The Department of Justice (DOJ) on Friday filed a motion to appeal a federal judge's ruling striking down the Affordable Care Act (ACA).
Just updated: Your cheat sheets for understanding health care's legal landscape
The Supreme Court in 2012 upheld the ACA's individual mandate, ruling that although Congress could not force U.S. residents to purchase insurance, lawmakers could impose a tax penalty on individuals who did not enroll in health coverage.
But a group of 20 Republican-led states, led by Texas Attorney General (AG) Ken Paxton (R) and Wisconsin AG Brad Schimel (R), in February filed a lawsuit in the U.S. District Court in the Northern District of Texas, in which they noted that a 2017 tax reform law eliminated the individual mandate's tax penalty starting in 2019 by setting the penalty U.S. residents must pay for remaining uninsured under the ACA at $0. The AGs in the suit argued that by zeroing out the tax penalty, the tax reform law has rendered the individual mandate, and by extension the entire health reform law, unconstitutional.
The Department of Justice (DOJ), which has declined to defend the ACA in the suit, in a brief largely agreed with the 20 states challenging the ACA's constitutionality, saying the individual mandate will no longer be constitutional once the tax penalty is eliminated in 2019. But unlike the GOP states, DOJ said such a ruling should not invalidate the entire law.
Instead, DOJ argued a ruling invalidating the ACA's individual mandate should only affect some of the ACA's consumer insurance protections, such as the ACA's ban on insurers denying people health coverage or charging them higher premium rates based on pre-existing medical conditions, as well as limits on how much insurers can charge people based on gender and age.
U.S. District Judge Reed O'Connor last month in a declaratory judgement ruled that eliminating the individual mandate's tax penalty made the mandate unconstitutional. He also ruled that the ACA cannot be severed from the mandate, meaning the entire ACA must be struck down because the individual mandate is unconstitutional. O'Connor wrote in his ruling, "[T]he individual mandate 'is so interwoven with [the ACA's] regulations that they cannot be separated. None of them can stand.'"
Democratic AGs from 18 states and the District of Columbia on Thursday appealed O'Connor's ruling to the 5th U.S. Circuit Court of Appeals.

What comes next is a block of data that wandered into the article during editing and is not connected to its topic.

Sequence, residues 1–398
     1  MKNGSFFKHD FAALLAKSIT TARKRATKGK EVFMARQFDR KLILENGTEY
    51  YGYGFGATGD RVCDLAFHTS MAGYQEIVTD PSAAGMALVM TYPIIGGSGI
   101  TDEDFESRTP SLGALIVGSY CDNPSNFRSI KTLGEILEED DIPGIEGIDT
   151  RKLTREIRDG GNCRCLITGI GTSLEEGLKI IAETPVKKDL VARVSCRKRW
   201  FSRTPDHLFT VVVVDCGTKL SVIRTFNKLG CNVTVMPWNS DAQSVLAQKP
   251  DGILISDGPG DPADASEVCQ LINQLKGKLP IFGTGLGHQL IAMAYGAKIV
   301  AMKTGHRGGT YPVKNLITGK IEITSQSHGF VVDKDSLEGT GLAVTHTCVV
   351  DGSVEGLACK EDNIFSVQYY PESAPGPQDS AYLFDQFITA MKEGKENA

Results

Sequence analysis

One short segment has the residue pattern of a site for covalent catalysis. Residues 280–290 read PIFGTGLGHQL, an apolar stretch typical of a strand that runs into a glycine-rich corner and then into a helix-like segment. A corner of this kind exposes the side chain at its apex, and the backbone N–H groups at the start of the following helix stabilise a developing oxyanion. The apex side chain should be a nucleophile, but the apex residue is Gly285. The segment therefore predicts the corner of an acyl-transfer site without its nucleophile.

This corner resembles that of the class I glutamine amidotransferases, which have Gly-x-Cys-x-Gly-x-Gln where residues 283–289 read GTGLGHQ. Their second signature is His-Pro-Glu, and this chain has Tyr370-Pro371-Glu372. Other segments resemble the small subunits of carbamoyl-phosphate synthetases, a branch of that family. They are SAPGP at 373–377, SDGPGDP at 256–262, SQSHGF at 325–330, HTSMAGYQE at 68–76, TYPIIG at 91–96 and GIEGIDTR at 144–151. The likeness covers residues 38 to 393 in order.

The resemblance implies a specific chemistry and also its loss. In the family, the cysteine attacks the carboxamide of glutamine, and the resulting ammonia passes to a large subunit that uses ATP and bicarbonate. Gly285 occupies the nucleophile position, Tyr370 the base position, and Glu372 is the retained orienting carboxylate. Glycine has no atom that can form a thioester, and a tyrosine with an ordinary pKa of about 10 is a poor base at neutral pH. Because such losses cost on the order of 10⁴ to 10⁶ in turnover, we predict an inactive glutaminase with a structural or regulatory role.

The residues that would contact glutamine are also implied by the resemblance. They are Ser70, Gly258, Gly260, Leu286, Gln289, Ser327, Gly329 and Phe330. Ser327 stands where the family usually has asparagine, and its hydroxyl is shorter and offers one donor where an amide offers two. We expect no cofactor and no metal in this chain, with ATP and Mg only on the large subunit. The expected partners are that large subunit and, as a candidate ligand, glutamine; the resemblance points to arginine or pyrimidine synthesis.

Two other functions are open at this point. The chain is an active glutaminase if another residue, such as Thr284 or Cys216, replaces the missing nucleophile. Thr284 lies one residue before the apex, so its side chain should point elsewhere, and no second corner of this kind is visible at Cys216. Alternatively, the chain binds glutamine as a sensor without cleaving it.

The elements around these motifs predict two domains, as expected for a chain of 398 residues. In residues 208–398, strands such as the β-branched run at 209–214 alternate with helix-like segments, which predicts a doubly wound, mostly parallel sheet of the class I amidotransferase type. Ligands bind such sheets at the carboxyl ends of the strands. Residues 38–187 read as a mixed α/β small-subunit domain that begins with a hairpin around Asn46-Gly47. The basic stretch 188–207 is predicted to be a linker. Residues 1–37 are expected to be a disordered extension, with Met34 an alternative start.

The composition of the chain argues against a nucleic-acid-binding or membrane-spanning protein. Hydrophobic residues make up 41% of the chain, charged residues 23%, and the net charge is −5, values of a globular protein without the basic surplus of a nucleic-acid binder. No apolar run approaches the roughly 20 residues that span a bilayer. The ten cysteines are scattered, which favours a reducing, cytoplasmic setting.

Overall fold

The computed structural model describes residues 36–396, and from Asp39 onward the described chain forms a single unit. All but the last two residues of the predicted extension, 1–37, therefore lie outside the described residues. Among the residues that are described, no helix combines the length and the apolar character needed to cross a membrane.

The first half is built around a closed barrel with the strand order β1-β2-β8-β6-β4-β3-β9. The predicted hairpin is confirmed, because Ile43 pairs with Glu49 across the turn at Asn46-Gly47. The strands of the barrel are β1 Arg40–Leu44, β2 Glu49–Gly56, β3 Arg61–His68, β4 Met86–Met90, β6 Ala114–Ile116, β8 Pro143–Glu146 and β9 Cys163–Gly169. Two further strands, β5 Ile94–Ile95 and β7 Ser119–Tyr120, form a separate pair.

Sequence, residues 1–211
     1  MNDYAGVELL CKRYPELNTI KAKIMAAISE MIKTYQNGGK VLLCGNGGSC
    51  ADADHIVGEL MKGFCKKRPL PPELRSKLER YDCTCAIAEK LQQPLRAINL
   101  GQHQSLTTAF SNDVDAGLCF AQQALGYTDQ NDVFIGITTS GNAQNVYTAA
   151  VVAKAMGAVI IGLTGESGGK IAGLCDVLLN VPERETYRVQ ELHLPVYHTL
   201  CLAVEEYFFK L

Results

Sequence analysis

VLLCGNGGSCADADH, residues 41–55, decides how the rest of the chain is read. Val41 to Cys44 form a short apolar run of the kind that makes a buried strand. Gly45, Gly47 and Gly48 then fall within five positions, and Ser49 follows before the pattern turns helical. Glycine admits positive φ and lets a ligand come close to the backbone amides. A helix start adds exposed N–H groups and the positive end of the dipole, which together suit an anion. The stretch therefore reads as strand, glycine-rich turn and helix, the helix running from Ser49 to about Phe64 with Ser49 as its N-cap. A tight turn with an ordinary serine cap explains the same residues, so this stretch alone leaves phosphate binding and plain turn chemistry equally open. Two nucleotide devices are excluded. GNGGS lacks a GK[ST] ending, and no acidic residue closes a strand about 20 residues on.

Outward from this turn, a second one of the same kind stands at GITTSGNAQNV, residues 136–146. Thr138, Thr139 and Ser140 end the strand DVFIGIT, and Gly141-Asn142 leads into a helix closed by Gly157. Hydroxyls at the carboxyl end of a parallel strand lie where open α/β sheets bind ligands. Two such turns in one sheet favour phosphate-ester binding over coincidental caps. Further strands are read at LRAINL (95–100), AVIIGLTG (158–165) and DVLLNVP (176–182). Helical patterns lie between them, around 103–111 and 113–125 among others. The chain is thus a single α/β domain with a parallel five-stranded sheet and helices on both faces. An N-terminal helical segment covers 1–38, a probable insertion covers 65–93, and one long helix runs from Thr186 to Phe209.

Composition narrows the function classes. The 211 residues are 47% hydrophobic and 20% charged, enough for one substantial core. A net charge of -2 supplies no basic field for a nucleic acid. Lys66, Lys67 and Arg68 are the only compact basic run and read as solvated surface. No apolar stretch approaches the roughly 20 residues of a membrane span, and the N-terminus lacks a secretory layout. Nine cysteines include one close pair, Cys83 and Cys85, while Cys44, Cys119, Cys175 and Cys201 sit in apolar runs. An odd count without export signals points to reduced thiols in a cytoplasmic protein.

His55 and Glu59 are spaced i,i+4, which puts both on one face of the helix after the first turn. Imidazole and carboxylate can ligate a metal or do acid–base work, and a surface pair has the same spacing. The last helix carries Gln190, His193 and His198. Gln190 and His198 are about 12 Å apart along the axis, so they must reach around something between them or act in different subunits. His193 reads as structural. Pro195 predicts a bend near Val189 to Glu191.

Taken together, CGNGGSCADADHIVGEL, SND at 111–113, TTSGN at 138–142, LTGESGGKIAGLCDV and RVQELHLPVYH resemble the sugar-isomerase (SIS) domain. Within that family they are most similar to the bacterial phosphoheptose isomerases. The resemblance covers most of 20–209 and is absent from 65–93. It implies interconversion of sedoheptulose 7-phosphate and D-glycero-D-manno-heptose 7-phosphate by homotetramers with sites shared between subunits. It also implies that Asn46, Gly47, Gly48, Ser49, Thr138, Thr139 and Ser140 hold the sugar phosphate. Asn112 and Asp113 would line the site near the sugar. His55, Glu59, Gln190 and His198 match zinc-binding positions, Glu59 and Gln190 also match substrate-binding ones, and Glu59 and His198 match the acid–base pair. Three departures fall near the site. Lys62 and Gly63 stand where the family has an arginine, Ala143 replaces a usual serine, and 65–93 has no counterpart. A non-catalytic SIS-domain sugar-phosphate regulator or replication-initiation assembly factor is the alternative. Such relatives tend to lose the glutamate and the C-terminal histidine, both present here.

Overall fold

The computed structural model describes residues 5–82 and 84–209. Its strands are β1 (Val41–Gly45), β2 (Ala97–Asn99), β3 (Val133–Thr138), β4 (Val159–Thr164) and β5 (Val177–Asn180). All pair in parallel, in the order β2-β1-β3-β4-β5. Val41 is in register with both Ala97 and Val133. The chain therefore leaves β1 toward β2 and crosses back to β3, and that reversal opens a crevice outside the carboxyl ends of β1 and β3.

DOJ appeals O'Connor's ruling
DOJ on Friday filed a motion that it, too, will appeal O'Connor's ruling. According to Inside Health Policy, DOJ has agreed that the individual mandate should be ruled unconstitutional, but the department has argued the individual mandate can be severed from the rest of the ACA.
House seeks permission to intervene in case
Also on Friday, lawyers for the House announced that they have filed a court motion requesting permission for the House to intervene in the lawsuit.
The motion argued that the House "has a unique institutional interest in participating in this litigation to defend the [ACA] against the remaining challenges, and intervention should be granted." It stated, "The House disagrees with the [GOP states'] position, which (if enforced) would erase in significant part the statute that Congress enacted, and the House is prepared to argue against this position in any relevant additional proceedings in this court and on appeal."
The move came after the House on the Thursday adopted a standalone resolution authorizing the House's counsel to defend the ACA in the case. The House is expected to vote this week on the whether to approve the resolution. However, The Hill reports that the move is largely a formality and is intended to force Republicans to go on record either for or against the measure.
According to Inside Health Policy, DOJ has asked the court to delay any briefings on whether the House may intevene in the case because of a partial government shutdown. DOJ said it opposes the House's effort, but that it will not be able to respond by a Jan. 24 deadline because of the shutdown (Lotven , Inside Health Policy, 1/7 [subscription required]; McIntire, Roll Call, 1/4; Weixel, The Hill, 1/4 Lotven , Inside Health Policy, 1/7 [subscription required]).
Cheat sheet: What you need to know about the ACA
The Patient Protection and Affordable Care Act, otherwise known as the ACA, is the comprehensive health care reform bill passed by Congress in March, 2010. The law reshapes the way health care is delivered and financed by transitioning providers from a volume-based fee-for-service system toward value-based care.
Download the ACA cheat sheet to get a quick overview of this significant U.S. health care legislation.